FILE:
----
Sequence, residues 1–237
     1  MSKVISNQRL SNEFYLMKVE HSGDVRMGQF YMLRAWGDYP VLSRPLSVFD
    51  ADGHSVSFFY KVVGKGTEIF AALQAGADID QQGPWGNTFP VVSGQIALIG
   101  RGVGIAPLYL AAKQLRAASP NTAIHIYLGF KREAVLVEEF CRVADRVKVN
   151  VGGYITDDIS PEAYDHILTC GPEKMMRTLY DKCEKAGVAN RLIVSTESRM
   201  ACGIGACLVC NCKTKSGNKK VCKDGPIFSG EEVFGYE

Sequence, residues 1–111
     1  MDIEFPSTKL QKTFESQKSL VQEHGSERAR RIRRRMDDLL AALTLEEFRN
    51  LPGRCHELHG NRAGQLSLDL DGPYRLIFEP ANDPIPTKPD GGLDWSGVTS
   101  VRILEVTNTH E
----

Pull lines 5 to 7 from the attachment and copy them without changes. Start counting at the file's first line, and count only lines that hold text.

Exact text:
   151  VGGYITDDIS PEAYDHILTC GPEKMMRTLY DKCEKAGVAN RLIVSTESRM
   201  ACGIGACLVC NCKTKSGNKK VCKDGPIFSG EEVFGYE

Sequence, residues 1–111